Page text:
maybe they don’t harness the wind after all.

Maybe they give in to each gust and forsake their plans,
having learned long ago to want what they have.

— from Dislocation and Other Theories

What Every Poet Should Know About Natural Selection

When the editor
of a prestigious
British journal read
an advance copy
of Charles Darwin’s
Origin of Species,
he found the focus
too narrow.
Write a book
about pigeons
he told Darwin.
has an interest
in pigeons

— from Too Much of This World


My daughter wants to take
a framed oil painting to school,

a nude with loose breasts and a belly
ripe as the full moon. Why? Because

we’re studying frogs, she says,
and it’s a frog. I cock my head

to consider the angle of the draped arm
but can’t get past the female form.

My daughter, though, is swimming
in amphibians, bringing home

scribbled pictures of tadpoles sprouting
splayed feet. At night, she sleeps

in the bedroom I painted pink,
her shelves lined with confectionary

teapots and cups. By day, she wants
to be her brother when she grows up.

Lately, she’s morphed into
a creature who’d rather squirm free

than be held. O, how we see what we
want to see. My daughter, looking at

a nude, sees a frog for show-n-tell.
I look at her and see myself.

— from Dislocation and Other Theories

Click here to listen to Garrison Keillor read “Amphibious” on The Writer’s Almanac.

Word Problem (1)

If a vehicle is traveling 55 miles per hour
on a 400-mile trip, and a 4th-grade girl
with a tear-shaped mole on her left cheek
factors in two rest stops and a lunch break
on a rickety fishing pier, how many
hours will it take her to realize she’s
an artist, not an idiot? How many years?

— from Word Problems

In An Article on Freud, I Misread “Erratic Detours” As “Erotic Detours”

On Libidinal Lane, everyone swallows
jokes about joy rides and burning
rubber. Cherry-red signs say Stop
on one side, Don’t on the other. There are
miles of soft shoulders ahead. Don’t think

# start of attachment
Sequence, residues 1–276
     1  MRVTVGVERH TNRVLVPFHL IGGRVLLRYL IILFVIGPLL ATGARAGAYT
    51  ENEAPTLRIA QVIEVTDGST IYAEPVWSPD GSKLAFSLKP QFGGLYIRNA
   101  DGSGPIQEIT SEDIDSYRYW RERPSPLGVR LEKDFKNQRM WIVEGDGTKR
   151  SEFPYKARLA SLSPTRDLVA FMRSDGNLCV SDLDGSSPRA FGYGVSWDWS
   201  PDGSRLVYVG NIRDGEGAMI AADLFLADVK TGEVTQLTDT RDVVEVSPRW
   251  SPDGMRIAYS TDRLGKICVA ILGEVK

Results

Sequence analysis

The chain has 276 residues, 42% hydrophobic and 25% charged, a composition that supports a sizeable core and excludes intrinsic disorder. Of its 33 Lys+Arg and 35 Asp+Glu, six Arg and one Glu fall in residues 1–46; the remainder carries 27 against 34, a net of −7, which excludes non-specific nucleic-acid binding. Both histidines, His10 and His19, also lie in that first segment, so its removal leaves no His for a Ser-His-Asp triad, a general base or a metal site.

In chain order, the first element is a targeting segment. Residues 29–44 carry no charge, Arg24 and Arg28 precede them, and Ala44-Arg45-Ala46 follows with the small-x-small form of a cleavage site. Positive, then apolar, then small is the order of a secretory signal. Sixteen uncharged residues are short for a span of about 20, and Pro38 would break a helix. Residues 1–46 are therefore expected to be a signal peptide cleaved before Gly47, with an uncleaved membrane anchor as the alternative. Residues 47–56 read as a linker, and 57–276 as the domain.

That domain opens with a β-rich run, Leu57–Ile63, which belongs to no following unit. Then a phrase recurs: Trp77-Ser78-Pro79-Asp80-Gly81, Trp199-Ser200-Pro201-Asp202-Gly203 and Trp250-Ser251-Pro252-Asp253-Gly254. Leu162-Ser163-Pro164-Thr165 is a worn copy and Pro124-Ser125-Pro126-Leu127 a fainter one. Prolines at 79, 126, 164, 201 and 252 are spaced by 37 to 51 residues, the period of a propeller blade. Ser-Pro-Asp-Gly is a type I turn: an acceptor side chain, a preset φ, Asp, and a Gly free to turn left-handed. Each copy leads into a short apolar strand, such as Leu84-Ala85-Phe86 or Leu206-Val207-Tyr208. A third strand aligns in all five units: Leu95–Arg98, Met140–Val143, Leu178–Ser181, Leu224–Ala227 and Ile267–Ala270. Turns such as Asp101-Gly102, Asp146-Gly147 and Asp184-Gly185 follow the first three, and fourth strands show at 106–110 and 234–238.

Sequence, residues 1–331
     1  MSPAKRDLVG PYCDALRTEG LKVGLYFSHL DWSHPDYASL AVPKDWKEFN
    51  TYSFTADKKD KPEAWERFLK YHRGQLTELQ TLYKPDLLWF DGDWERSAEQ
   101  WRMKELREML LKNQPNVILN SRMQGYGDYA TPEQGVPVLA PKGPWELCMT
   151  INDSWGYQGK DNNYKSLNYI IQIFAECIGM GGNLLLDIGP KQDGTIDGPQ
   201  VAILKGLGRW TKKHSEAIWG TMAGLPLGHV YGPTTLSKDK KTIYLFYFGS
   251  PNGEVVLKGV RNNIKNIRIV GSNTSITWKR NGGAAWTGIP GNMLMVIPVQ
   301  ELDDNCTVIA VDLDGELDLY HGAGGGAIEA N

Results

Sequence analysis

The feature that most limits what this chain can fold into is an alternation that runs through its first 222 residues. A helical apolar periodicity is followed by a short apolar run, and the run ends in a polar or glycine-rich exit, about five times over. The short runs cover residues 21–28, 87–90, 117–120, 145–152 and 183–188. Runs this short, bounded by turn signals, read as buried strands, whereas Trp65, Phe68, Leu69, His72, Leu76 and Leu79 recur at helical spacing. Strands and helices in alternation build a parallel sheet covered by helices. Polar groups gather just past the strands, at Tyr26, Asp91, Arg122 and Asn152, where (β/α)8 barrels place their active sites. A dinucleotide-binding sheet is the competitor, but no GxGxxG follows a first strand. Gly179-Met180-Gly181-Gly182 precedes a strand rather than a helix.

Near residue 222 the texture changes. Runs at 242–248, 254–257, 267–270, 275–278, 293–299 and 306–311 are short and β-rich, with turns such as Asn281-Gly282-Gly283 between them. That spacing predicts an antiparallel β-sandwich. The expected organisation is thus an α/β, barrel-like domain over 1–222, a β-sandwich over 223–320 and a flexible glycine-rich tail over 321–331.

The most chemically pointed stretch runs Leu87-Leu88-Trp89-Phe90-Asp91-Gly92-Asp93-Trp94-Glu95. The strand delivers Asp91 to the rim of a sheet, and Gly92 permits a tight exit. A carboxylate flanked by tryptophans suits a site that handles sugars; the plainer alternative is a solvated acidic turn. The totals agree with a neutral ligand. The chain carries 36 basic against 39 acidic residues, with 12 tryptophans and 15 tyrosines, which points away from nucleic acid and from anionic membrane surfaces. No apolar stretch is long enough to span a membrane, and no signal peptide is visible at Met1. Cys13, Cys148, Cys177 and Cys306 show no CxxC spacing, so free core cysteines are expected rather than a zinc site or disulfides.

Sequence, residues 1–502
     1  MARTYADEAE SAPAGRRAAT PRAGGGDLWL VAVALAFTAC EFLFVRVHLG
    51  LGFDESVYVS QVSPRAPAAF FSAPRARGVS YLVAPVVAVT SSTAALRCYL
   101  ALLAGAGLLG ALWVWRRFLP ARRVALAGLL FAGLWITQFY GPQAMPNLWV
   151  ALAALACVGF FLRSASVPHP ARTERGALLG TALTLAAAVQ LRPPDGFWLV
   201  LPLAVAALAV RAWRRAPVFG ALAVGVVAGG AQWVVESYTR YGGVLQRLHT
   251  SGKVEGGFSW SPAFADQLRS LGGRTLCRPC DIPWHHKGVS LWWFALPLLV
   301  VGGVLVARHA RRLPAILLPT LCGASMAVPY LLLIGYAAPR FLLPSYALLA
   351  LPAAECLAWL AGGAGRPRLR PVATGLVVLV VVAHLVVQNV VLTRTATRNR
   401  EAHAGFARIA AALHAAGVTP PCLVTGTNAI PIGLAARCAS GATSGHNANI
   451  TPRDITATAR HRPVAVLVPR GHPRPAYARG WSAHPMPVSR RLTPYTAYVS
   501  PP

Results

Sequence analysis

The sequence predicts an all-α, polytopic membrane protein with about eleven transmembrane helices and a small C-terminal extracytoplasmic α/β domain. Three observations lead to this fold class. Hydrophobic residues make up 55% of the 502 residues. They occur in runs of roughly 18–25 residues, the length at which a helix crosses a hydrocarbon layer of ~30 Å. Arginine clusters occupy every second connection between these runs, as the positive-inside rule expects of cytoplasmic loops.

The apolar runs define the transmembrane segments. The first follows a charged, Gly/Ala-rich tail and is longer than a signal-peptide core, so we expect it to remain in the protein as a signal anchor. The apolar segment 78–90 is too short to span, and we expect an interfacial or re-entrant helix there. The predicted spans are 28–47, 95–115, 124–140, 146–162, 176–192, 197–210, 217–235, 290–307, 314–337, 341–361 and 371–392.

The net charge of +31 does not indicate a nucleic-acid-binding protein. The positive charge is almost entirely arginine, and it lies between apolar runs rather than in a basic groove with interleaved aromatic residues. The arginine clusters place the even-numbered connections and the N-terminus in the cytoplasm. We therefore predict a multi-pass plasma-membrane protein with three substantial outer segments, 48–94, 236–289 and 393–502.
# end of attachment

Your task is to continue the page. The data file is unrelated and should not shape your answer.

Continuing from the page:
about how late you are for work.
Don’t think about your mother.

— from Word Problems

Science of Desire

There is a fine
line between causal
and casual.
Her spaghetti strap
hesitates on her
shoulder like
an unanswered
question. He is
thinking lingerie
is the perfect
word: linger
all dolled up
in French perfume.
Linger with
an attitude.
Linger like the
finger that will
help her silk camisole
make up its mind.
Something more
powerful than
inertia is at work
here, something
more than gravity
itself, as if
Mrs. Fuller’s
chalkboard eraser
never smacked
the wall or plunged
to the floor
in a cloud of dust,
as if even now,
decades later,
it’s suspended mid-
air in that stale

He would marry
Inertia. He would
father Inertia.)
The solar system,
too, is still
propelled by some
unspeakable momentum;
the worms continue
to sluice elaborate
threads only to have
them scraped away.
Do they weep?
Did Charlemagne,
after irreparable
damage to his ilk,
have any regrets?
Would the tightrope
walker, paralyzed
from the neck down,
have it any other

Once at the Bronx
Zoo he watched
a snake slide right
out of its skin
without looking back.

He’s seen grown men
leave their children.

He’s familiar with
the least resilient
of all fibers.
Steamed or pressed,
it can never be reshaped:
silk has no memory.

— from Science of Desire